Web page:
Fierce fighting erupted on Sunday in the Central African Republic’s capital, Bangui, where Séléka rebels are trying to topple President François Bozizé.
Gunbattles erupted around the presidential palace in the capital of the Central African Republic after rebels advanced into the city vowing to topple President Francoise Bozize.
An AFP correspondent near the palace in the centre of Bangui reported intense fighting at around 0700 GMT before the gunfire became more sporadic.
It was not immediately known if Bozize, who has not been seen since his return from South Africa on Friday, was inside the palace.
Fighters in the Seleka rebel coalition advanced into Bangui on Saturday, ignoring a call for talks to avoid a “bloodbath”, after the collapse of a two-month-old peace deal in the notoriously unstable and deeply poor former French colony.
“Today will be decisive,” Colonel Djouma Narkoyo, one of the Seleka military commanders on the ground, told AFP. “We call on our brothers in FACA (the Central African army) to lay down their arms,” Narkoyo said.
Eric Massi, a Seleka spokesman based in Paris, said rebel forces had launched an offensive early Sunday.
“Our troops are around the palace. We are facing down the last forces loyal to President Bozize,” Massi said.
Bozize, who himself launched a coup in 2003, has not issued any statement about the latest unrest.
Narkoyo had told AFP on Saturday the rebels were ready to meet with regional African leaders on the crisis, but refused to negotiate with Bozize.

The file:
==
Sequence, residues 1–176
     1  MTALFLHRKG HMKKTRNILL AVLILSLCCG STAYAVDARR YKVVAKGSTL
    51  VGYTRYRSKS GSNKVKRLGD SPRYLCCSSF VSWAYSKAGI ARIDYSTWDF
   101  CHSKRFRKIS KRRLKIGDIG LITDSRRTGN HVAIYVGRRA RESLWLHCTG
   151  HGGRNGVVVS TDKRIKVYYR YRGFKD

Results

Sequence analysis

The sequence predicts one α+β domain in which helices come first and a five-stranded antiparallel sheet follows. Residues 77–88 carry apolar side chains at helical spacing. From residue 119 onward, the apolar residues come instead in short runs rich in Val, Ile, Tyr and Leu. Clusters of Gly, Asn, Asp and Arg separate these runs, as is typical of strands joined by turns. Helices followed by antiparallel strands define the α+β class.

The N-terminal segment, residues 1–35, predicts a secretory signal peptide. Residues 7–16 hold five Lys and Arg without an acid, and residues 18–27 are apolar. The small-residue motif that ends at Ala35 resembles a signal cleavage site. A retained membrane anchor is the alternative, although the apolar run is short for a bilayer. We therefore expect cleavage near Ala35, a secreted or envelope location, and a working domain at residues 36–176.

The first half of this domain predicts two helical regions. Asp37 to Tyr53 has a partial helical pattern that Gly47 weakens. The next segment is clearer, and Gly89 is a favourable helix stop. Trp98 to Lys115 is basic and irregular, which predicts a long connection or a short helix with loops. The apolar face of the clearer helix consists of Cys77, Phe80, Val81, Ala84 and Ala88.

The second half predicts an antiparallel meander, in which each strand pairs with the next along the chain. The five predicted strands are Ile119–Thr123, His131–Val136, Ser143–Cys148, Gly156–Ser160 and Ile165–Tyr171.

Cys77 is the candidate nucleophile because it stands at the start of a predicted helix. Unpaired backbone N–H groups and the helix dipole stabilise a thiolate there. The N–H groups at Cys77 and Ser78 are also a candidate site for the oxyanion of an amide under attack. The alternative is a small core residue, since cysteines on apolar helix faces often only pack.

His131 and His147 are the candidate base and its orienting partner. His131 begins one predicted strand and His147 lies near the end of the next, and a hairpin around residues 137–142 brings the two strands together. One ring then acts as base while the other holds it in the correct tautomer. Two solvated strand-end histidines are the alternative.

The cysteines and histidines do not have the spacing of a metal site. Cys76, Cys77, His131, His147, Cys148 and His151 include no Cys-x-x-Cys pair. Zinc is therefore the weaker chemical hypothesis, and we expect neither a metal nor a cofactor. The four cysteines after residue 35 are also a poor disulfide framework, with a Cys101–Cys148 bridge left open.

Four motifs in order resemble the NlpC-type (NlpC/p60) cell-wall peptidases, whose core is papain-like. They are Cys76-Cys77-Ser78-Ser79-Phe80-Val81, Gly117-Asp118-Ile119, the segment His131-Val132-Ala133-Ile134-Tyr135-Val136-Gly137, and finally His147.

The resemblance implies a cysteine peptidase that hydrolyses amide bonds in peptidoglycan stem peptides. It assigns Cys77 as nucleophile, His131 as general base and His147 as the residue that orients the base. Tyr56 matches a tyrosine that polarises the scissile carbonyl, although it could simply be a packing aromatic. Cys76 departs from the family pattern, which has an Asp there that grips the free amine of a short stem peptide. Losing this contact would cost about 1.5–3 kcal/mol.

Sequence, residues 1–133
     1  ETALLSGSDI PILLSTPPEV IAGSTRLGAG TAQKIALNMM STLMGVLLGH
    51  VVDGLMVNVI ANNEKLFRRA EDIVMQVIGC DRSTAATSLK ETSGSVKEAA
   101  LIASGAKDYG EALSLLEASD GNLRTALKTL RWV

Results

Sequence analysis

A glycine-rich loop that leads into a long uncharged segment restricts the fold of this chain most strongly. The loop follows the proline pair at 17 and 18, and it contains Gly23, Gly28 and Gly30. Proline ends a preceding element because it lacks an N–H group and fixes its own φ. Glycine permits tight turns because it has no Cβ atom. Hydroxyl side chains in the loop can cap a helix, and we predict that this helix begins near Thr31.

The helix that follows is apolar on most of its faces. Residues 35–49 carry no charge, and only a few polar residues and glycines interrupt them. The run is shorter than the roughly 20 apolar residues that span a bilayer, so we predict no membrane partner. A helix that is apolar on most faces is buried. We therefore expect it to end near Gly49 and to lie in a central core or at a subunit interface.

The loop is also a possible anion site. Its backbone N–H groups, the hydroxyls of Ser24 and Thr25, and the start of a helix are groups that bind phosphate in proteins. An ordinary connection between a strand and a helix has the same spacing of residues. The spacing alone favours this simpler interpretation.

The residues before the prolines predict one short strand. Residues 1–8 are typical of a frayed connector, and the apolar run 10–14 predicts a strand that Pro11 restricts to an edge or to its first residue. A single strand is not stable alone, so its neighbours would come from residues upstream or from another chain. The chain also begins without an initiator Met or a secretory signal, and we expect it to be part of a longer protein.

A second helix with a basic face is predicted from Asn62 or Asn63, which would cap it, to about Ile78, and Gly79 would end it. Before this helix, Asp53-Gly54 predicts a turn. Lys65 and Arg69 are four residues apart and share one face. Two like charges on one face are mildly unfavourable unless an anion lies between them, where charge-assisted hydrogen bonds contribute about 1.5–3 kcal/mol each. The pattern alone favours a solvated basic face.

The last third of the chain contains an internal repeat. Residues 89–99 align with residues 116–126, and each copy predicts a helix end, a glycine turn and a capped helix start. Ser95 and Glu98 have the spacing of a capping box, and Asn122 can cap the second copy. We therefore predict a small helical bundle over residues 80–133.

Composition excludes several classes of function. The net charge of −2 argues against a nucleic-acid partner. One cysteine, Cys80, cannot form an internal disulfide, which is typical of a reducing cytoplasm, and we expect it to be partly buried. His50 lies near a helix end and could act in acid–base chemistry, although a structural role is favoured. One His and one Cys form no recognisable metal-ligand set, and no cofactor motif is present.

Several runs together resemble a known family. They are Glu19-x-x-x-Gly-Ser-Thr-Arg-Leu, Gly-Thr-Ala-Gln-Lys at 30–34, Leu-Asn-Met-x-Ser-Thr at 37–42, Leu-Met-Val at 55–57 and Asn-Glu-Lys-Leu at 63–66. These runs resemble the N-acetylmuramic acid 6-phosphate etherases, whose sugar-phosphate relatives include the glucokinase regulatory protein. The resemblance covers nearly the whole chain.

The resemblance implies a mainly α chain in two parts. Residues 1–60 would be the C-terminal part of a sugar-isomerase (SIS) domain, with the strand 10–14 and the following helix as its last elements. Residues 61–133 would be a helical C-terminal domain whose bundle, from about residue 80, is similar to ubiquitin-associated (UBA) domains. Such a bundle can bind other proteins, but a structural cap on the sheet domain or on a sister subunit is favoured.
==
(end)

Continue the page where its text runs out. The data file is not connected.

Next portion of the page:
And he warned that if Seleka—a loose alliance of three rebel movements—captured Bangui, it would set up a new government.
On Saturday, rebels said they had moved past a checkpoint that effectively marks the entrance to the capital, although a Central African military source denied the claim.
But Bangui resident Francis Komgdo, who lives near the checkpoint, told AFP the rebels had arrived in the area, some in vehicles others on motorbikes, occasionally firing in the air.
Paris-based rebel spokesman Eric Massi said Saturday the rebel leadership was urging its forces on the ground to refrain from “looting or score-settling with the local population”.
Gunfire and explosions on Saturday saw the streets of Bangui emptied as local people fled to their homes. Virtually the only traffic was military vehicles patrolling the main highways.
The city was plunged into darkness after rebels sabotaged a hydroelectric power plant in Boali, north of the capital, an official with the Enerca electricity company and residents said.
A spokesman for Prime Minister Nicolas Tiangaye on Saturday called on the rebels to accept talks to “avoid a bloodbath”.
Date created : 2013-03-24